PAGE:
Probably stupid question about freehold(4 Posts)
I was watching Homes Under the Hammer earlier and there was a chap on there who bought a flat and there was much talk about having to contact the freeholder to be able to knock down walls etc.
I've only ever owned houses - what is a freeholder? Am I right in thinking that they own the actual building? If so how does that happen and why would they do that? Why would you own the expensive to maintain bits of a building without actually being able to live in it or sell it.
You are right, the freeholder owns the building and the leaseholder has the right to live there (usually in part of it, ie a flat) but has no rights over the fabric of the building.
The advantages to the freeholder is that ground rent is paid (often not very much) and s/he may be able to manage the building charging inflated prices and "management fees" for any repairs that need doing etc. As the term of the lease ticks down, there may be the opportunity to get the leaseholder to pay to extend it. All the money spent on the building is, theoretically, chargeable to the leaseholders anyway so, if the freeholder decides to repaint a building that has four flats in it, each flatowner should pay a proportion of that bill and it should add up to 100%. If the freeholder asks a friend to do it officially for £2000 but only pays him £1000, he can pocket the difference and if the lease allows him to charge a 10% management fee that's another £200 (there are mechanisms that are meant to prevent these situations but they still happen).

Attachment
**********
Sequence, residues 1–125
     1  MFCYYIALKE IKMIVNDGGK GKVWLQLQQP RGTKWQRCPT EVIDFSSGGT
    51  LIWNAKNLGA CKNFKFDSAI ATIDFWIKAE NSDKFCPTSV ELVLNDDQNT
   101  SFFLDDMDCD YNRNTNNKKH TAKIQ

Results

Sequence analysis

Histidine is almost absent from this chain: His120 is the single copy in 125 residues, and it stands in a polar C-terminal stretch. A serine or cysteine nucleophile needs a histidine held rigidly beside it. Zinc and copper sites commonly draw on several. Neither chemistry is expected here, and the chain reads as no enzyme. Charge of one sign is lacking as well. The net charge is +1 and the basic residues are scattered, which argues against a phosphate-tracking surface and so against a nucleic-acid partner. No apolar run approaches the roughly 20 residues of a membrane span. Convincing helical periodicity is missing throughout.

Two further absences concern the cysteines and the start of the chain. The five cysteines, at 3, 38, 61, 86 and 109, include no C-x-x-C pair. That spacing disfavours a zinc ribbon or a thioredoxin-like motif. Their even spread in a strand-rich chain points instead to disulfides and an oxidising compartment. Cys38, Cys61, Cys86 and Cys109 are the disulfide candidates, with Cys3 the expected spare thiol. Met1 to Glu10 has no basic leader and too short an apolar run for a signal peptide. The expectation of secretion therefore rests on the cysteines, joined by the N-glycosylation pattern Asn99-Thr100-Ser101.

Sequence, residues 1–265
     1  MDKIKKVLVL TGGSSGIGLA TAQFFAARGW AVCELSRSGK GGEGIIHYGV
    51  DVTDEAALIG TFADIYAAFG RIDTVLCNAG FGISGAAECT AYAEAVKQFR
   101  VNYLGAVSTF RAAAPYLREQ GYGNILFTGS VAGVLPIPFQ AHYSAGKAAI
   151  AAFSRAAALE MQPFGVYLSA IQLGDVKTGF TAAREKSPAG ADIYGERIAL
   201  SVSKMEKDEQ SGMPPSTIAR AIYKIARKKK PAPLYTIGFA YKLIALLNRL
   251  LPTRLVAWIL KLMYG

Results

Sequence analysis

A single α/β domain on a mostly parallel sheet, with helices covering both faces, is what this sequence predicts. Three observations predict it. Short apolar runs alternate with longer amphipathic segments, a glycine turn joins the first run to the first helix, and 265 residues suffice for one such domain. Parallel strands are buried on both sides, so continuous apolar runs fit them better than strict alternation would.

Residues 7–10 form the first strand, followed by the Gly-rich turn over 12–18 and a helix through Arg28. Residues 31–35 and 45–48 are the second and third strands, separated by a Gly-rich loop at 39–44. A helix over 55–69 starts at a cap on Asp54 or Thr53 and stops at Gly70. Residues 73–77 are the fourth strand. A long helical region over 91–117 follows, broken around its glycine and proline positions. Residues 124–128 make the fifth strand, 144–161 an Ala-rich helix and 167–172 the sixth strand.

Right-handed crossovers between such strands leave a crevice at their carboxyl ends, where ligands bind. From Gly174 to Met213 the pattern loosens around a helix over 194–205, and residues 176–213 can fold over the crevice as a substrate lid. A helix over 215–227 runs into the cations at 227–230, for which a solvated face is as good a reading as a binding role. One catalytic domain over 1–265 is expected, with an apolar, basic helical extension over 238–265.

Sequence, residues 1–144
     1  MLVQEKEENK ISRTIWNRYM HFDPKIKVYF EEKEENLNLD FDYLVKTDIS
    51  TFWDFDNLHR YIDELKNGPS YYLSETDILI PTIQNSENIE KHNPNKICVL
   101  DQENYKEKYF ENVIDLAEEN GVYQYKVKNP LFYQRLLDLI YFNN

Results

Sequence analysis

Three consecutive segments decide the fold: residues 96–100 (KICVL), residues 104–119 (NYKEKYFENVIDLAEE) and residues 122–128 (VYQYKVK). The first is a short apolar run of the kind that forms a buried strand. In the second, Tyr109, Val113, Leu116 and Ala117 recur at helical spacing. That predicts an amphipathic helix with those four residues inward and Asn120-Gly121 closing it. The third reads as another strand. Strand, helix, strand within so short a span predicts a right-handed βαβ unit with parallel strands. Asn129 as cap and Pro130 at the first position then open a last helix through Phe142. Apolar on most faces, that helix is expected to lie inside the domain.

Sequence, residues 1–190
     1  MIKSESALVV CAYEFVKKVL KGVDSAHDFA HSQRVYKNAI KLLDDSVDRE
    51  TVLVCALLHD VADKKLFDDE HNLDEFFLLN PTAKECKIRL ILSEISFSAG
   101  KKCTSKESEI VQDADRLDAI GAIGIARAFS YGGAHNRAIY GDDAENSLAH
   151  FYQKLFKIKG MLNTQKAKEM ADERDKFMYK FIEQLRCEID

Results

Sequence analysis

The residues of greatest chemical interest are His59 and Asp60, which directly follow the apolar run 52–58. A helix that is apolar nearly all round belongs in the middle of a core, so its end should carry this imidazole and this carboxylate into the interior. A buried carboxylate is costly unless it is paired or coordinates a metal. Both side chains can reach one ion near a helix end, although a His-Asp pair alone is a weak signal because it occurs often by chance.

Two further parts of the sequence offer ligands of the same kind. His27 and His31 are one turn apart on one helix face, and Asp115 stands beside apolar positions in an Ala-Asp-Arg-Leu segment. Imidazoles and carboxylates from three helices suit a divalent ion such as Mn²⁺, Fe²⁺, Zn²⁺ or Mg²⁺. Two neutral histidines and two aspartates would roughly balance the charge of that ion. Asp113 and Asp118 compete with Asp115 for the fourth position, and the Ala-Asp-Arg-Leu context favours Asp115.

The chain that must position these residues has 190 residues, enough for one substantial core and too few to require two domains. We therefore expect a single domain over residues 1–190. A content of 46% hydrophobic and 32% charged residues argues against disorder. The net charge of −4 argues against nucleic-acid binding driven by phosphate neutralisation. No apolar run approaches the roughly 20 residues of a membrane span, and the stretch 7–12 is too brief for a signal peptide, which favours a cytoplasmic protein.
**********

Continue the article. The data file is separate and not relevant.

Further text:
Freeholders are also able to receive compensation for breaches of the lease such as alterations without permission. Ultimately, you would hope that a leaseholder breaches the lease so badly that you can forfeit the lease and take possession of the flat but that is pretty rare. So, if you are persistent enough, you can turn it into an earner but, I agree, it seems a bit of a hassle.
Thank you for the answer.
It seems a lot of work for very little reward. I guess you can sell it on for a profit.
Just to add that alot of houses are also leasehold too (depending where you live). Where we are, probably at least half of properties are "long leasehold" so the original builder / land company retained the freehold in the 1930s when the properties were built, but granted long leases (of 999 years) to the purchasers of the houses.
It makes no little (real) difference in a house - we are obliged to pay £4 ground rent per year, obliged to seek permission for an extension etc (usually a tick in the box exercise with a nominal fee) and there are sometimes other obligations in the lease saying you're only allowed to use the property as a residential property etc. In theory, the house and land reverts back to the land company in 900 or so years, but not something that affects us or the value at the moment !
But its not something that is only relevant to flats.
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